in the morning
after ten years have passed.
Walk out to the front porch
barefoot, step onto the jagged asphalt driveway
into the cold backyard.
Visit the leafless tree.
Talk to your mother
even though she is dead,
tell her you need fruit this year,
ask her to do something about it,
because she loves you,
wait for an answer, a sign
when there is none
remember it doesn’t work that way.
Set out her wooden bowl,
the one she made chopped liver in,
remember how she made it look so easy.
Choose a knife and polish it.
Find the one her father brought from Odessa,
Visit the tree again.
Watch for the popcorn white flowers,
when the first one pops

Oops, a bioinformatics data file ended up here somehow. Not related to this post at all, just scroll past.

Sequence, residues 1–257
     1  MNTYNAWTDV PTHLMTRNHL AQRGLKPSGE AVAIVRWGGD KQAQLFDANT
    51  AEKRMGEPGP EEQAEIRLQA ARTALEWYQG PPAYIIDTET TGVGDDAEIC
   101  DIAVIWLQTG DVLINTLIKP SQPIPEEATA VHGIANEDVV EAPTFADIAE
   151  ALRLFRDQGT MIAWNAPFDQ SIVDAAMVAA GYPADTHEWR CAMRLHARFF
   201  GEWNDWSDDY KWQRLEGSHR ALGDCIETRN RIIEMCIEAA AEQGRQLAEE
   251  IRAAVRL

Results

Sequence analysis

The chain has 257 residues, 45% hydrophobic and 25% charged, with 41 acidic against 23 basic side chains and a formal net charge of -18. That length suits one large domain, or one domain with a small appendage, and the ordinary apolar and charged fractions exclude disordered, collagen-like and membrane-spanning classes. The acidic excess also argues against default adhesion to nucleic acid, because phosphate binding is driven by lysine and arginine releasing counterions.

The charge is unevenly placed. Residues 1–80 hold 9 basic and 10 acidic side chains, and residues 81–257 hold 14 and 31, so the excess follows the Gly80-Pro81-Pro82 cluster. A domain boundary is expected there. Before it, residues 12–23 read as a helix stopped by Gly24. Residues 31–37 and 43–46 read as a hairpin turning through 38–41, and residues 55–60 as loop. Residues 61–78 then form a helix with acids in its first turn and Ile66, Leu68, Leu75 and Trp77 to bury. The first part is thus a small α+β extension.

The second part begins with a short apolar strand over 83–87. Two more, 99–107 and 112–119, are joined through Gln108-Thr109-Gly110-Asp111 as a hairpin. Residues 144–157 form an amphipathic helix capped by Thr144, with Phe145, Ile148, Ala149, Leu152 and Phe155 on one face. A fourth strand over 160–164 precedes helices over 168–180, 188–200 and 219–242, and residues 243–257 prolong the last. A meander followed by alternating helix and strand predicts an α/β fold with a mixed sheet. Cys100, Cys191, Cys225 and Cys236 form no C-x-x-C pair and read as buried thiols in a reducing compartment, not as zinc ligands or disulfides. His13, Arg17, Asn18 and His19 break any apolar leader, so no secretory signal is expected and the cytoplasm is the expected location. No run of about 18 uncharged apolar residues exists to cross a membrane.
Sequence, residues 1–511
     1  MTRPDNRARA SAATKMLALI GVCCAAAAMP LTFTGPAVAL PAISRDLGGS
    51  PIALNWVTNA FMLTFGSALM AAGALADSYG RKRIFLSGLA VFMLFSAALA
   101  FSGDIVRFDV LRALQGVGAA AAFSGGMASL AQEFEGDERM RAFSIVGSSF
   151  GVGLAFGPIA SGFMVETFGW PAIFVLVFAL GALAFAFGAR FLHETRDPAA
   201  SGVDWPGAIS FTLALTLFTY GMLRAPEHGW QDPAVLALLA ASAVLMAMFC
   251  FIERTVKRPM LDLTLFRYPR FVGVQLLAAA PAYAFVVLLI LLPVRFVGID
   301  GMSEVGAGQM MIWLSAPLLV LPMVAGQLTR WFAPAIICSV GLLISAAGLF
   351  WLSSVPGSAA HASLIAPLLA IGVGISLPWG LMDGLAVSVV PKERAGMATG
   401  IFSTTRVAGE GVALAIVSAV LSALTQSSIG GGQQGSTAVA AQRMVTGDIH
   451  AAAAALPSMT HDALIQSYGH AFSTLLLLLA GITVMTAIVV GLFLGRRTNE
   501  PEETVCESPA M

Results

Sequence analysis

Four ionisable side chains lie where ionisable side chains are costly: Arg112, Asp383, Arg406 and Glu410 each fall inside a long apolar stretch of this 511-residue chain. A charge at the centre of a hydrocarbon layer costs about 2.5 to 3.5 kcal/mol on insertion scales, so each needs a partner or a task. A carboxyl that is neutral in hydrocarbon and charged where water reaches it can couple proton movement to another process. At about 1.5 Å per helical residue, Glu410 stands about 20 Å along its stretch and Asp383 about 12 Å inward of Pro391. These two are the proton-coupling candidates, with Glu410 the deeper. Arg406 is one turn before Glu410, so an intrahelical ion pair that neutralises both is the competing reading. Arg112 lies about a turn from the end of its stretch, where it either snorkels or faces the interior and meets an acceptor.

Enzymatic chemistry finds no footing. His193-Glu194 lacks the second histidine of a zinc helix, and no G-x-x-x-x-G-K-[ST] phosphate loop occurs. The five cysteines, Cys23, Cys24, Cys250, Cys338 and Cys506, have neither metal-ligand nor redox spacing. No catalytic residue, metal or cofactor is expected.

wash and dry the pot she kept
under the kitchen cupboards
in the house she loved
if you can’t find it,
It will be there eventually.
When the small green leaves begin to unroll
Pretend you are not waiting for the jam,
let the bees take over
give the fruit a chance
Take out the sticky red notebook
and go through all her recipes,
it’s got to be there somewhere,
cry when you see her handwriting,
remember she called you my baby.
The tiny plums will grow and darken,
wait for the fruit to drop–
open your hands,
alone, like hers and catch it.
Boil the fruit
until it is sticky.
Seal the jars speaking her name
always waiting for her answer.
Robin Neuwirth is from Southern California, where she teaches high school English, takes care of two teenage daughters, and most days dreams of swimming in the ocean.